First, let's take a look at what your work is. Oh, it's a fantasy? Well, good for you that Fantasy is currently one of the most popular genres amongst young adult readers in many parts of the world. Let me explain: In Japan, China, and South Korea, fantasy stories have become one of the most popular genres in part thanks to the wild success of stories such as Sword Art Online (a sci-fi disguised as a fantasy) and the omnipresent Disney's romanticization of traditional fairy tales which include many of our traditional fantasy elements. In the West, we have fantasies like Lord of the Rings, Game of Thrones, Star Trek (space fantasy), Percy Jackson (urban fantasy), and The Hunger Games (sci-fi fantasy) alongside a bountiful trove of myths and legends like the stories of Charlemagne and Arthur which permeate ubiquitously through our cultures. The younger the audience, the more attractive these fantasy worlds become as an escape from our dreary real-world. It's these 18-28 year old consumers who would be most readily willing to give money.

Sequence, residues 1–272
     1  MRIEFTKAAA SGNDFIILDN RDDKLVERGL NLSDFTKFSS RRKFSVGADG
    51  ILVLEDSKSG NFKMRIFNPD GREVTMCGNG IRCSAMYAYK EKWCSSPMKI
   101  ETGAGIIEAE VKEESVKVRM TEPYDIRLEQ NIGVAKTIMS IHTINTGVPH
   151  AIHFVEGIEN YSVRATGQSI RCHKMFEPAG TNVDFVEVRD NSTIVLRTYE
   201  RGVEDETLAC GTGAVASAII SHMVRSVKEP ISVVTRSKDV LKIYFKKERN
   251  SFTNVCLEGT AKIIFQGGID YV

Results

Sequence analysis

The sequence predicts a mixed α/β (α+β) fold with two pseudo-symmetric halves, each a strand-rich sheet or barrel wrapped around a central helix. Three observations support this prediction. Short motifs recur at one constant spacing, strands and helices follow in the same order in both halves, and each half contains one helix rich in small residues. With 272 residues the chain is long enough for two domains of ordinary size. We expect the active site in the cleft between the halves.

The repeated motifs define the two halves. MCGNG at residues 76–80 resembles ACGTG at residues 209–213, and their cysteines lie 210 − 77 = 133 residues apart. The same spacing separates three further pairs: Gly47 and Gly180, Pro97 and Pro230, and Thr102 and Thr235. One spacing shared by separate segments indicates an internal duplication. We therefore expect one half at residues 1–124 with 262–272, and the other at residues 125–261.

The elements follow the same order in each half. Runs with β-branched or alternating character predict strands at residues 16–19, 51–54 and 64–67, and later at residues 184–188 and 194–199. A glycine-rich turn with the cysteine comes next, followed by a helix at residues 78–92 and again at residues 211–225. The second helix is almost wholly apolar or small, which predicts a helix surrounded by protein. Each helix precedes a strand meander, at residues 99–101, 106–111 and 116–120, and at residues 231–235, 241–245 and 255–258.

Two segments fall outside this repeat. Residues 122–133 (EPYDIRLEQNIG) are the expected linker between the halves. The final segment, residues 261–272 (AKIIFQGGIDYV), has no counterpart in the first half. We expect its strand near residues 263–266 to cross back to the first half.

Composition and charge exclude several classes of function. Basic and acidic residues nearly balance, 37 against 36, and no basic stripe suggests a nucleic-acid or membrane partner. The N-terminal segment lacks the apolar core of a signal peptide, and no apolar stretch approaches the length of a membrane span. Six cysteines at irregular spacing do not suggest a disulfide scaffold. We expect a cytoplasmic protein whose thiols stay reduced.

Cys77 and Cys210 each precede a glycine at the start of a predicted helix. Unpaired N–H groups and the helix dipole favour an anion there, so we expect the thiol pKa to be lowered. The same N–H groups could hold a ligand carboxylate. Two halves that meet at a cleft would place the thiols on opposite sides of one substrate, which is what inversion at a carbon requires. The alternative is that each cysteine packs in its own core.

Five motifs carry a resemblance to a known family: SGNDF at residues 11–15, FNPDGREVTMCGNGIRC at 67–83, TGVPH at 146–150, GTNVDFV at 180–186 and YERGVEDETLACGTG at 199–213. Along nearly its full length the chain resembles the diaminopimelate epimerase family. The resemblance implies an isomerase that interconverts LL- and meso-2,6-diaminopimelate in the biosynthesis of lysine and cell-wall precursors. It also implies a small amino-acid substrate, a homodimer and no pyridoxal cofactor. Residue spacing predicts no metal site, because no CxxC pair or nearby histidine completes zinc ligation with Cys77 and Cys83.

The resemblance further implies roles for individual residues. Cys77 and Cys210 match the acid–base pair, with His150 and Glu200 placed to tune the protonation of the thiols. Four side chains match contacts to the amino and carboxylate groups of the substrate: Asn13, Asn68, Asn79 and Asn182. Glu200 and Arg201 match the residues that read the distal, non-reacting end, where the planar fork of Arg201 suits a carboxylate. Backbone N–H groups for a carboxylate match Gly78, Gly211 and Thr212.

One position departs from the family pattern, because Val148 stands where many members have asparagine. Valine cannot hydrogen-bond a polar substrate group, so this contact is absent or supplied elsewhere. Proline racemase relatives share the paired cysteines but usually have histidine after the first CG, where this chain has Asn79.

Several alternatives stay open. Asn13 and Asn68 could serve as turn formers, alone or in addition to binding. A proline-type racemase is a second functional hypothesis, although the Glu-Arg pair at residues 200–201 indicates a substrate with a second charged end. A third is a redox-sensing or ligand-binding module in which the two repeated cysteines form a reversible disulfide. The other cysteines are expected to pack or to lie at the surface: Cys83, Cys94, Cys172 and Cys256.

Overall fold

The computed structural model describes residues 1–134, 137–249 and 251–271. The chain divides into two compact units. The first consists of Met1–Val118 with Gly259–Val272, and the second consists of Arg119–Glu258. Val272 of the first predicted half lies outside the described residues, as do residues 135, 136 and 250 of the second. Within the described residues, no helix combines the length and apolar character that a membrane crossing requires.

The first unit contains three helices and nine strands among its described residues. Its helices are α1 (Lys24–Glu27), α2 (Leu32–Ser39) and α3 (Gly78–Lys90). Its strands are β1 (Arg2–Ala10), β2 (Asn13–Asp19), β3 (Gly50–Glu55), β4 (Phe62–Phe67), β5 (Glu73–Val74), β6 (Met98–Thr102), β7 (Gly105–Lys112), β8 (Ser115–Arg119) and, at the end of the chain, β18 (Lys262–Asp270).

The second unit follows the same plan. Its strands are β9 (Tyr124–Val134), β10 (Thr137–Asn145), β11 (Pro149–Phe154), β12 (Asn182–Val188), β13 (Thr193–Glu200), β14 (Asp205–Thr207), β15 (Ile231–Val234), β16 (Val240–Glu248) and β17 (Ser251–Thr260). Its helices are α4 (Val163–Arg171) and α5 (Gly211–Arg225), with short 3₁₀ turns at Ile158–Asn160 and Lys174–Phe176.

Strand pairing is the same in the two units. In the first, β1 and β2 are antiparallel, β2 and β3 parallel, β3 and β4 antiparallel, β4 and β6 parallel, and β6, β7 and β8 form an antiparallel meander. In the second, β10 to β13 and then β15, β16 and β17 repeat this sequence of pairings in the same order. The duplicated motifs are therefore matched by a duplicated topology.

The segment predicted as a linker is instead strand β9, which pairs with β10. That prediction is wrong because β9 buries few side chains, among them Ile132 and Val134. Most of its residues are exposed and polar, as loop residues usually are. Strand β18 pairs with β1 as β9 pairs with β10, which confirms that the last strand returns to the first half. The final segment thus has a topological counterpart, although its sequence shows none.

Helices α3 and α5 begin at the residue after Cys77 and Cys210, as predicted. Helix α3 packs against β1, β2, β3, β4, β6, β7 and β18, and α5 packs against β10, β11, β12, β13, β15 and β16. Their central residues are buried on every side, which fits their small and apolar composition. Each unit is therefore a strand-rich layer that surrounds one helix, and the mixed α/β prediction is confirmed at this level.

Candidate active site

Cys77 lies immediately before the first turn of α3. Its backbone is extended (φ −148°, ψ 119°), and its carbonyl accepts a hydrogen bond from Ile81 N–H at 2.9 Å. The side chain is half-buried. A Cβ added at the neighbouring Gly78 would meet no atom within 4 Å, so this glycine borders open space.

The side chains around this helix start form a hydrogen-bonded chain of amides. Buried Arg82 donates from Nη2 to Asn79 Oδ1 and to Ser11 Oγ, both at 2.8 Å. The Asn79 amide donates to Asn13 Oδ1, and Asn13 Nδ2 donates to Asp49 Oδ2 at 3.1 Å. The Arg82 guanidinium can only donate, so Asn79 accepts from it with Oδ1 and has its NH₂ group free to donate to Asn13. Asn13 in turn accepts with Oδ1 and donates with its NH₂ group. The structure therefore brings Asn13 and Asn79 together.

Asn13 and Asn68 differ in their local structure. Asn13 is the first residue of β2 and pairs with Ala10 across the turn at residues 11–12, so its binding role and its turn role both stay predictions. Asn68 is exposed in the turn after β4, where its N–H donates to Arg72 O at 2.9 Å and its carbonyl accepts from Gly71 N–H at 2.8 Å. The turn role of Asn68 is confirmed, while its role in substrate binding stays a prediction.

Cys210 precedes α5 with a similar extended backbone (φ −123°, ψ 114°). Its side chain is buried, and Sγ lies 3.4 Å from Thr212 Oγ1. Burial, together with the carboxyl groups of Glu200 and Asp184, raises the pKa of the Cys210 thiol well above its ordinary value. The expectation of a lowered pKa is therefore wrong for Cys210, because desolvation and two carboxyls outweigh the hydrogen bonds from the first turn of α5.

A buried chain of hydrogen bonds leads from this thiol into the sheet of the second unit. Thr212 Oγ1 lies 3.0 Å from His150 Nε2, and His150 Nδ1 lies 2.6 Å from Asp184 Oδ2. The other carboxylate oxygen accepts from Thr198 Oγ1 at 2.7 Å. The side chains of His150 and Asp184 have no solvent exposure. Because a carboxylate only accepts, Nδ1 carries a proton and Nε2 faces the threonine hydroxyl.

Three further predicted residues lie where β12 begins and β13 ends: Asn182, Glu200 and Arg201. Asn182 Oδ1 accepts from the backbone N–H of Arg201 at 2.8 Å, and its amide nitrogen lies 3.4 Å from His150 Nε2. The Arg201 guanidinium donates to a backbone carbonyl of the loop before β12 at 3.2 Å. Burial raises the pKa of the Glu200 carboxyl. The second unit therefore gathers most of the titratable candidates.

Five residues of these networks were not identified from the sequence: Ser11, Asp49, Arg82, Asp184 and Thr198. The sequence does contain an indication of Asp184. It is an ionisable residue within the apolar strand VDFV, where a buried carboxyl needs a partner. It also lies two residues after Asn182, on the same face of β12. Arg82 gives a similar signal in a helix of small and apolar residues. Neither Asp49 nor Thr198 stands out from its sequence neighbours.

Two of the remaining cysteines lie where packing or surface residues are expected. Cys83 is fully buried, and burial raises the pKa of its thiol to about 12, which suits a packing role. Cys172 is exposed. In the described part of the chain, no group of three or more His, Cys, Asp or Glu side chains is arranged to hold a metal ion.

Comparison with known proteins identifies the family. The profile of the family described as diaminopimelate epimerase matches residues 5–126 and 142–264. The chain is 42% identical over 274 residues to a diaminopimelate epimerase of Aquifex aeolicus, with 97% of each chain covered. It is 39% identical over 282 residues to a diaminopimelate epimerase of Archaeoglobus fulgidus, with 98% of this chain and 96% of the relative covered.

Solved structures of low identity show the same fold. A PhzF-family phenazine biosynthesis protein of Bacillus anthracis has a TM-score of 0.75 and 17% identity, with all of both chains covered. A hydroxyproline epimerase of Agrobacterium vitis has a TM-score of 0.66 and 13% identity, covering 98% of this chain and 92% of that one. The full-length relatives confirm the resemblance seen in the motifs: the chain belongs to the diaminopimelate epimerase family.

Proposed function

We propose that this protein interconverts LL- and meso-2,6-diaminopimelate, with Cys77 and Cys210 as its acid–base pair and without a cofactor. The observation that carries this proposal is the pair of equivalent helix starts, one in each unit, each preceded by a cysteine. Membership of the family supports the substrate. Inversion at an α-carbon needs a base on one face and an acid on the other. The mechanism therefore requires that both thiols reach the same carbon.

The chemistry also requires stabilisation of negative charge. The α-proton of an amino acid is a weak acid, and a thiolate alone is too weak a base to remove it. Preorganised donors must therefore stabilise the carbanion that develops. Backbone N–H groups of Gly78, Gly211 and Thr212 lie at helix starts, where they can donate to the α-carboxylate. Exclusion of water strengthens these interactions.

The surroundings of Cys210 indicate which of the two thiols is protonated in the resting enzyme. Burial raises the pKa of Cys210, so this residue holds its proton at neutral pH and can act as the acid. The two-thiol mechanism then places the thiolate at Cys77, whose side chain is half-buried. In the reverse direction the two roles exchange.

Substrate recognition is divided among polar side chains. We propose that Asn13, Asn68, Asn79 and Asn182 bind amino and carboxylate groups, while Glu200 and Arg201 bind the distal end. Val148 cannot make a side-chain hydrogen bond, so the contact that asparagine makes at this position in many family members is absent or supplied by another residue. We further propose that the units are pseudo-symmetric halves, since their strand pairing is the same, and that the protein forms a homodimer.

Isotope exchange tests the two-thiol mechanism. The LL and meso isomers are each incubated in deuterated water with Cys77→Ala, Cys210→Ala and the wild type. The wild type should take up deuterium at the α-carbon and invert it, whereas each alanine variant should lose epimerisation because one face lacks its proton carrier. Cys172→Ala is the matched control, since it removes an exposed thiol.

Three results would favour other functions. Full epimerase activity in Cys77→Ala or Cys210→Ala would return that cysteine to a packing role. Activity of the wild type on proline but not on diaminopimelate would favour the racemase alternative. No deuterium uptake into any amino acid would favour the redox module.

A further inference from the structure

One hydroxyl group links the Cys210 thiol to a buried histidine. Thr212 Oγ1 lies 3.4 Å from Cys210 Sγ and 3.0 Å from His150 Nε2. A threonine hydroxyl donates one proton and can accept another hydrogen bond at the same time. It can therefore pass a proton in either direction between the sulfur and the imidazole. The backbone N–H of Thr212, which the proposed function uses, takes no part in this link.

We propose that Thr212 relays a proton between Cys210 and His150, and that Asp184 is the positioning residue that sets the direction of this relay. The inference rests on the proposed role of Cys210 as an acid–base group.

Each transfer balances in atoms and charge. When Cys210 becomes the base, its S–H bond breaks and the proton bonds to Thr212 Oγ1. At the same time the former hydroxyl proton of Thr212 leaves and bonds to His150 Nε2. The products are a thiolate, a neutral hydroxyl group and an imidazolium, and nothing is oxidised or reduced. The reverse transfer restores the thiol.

But wait, you only have a single chapter written. You can't get published with only one chapter... or can you? Websites such as Wattpad and Tapas are probably your best bets for serialization if you want to spread your story quickly and effectively. Additionally, reading your story on YouTube and sharing [Read-Only] Google Doc versions of it on Twitter can be great resources as well for getting your content to people who already follow you and have a specific interest in what you have to offer.